It is evident (hat we can be improved and elevated only just so fast and far as we shall improve and elevate ourselves.

—Negro Abolitionist Frederick Douglass in 1848

AFTER the slogan "Black Power" was chanted on a Negro march through Mississippi in 1966, it came to signify a new spirit of defiance at one edge of the campaign for civil rights. Among whites and moderate Negro leaders alike, the concept inspired fears of a procession of hot summers, a raging Negro separatist movement—and perhaps in the end a costly showdown between black...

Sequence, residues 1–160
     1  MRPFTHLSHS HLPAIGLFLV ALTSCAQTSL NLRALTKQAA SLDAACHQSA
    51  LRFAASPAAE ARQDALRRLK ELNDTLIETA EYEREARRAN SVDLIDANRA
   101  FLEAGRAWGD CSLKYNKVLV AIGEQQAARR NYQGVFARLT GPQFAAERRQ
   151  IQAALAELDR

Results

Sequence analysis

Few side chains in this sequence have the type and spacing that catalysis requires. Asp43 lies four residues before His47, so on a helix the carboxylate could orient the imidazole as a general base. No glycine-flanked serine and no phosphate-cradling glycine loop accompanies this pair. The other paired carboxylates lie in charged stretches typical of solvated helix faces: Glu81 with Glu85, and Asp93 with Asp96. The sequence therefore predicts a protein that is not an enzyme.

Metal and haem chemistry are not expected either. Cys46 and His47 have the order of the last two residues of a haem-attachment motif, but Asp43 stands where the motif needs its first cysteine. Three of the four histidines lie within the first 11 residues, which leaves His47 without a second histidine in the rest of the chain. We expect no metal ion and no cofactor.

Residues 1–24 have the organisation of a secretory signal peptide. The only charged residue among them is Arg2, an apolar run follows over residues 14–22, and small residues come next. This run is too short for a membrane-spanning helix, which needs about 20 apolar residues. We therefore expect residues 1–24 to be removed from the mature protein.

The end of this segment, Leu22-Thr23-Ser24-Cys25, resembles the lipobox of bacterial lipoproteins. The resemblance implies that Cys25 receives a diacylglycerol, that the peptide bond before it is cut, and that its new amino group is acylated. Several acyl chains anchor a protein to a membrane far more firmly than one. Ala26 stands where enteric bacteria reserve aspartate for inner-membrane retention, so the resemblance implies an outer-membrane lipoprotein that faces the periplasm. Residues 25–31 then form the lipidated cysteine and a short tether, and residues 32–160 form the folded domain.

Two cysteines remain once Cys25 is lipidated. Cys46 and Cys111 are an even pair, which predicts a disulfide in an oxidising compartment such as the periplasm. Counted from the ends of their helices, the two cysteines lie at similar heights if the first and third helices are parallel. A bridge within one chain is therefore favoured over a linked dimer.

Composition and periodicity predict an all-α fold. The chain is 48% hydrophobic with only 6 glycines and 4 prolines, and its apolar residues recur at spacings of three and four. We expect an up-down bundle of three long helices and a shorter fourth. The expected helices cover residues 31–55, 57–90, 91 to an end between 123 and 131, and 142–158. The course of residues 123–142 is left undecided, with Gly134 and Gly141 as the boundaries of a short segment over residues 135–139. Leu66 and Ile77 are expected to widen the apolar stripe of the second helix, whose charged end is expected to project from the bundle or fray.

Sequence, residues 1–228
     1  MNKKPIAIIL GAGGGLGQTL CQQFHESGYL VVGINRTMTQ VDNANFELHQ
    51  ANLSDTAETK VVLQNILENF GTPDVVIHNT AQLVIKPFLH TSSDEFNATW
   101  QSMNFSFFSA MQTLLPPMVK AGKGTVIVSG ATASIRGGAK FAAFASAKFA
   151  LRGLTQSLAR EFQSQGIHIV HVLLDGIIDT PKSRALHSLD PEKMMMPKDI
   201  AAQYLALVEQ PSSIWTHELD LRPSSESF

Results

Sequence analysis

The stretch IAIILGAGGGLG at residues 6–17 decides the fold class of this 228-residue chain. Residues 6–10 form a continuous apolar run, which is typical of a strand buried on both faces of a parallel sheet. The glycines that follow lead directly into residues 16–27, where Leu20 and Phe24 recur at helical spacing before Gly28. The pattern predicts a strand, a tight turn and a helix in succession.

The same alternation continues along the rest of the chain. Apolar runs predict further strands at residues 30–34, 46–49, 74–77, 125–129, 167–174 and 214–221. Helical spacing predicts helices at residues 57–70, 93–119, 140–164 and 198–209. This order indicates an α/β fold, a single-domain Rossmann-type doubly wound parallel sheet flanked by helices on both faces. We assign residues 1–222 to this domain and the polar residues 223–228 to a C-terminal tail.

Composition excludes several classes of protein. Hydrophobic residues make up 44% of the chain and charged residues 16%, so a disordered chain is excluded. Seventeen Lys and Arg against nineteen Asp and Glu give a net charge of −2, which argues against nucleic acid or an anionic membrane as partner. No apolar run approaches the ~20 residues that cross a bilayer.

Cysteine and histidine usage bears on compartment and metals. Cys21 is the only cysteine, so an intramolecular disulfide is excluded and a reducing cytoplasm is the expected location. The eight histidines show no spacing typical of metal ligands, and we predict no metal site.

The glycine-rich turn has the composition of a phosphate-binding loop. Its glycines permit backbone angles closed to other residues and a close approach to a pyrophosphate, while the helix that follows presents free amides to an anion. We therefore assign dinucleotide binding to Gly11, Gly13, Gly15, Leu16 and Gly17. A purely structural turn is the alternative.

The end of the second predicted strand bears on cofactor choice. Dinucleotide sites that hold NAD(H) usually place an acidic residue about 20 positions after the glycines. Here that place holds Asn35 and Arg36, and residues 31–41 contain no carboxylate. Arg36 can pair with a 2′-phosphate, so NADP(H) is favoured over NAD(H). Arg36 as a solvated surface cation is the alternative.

Want the full story?

Subscribe Now


Get TIME the way you want it

  • One Week Digital Pass — $4.99
  • Monthly Pay-As-You-Go DIGITAL ACCESS$2.99
  • One Year ALL ACCESSJust $30!   Best Deal!
    Print Magazine + Digital Edition + Subscriber-only Content on

Learn more about the benefits of being a TIME subscriber

If you are already a subscriber sign up — registration is free!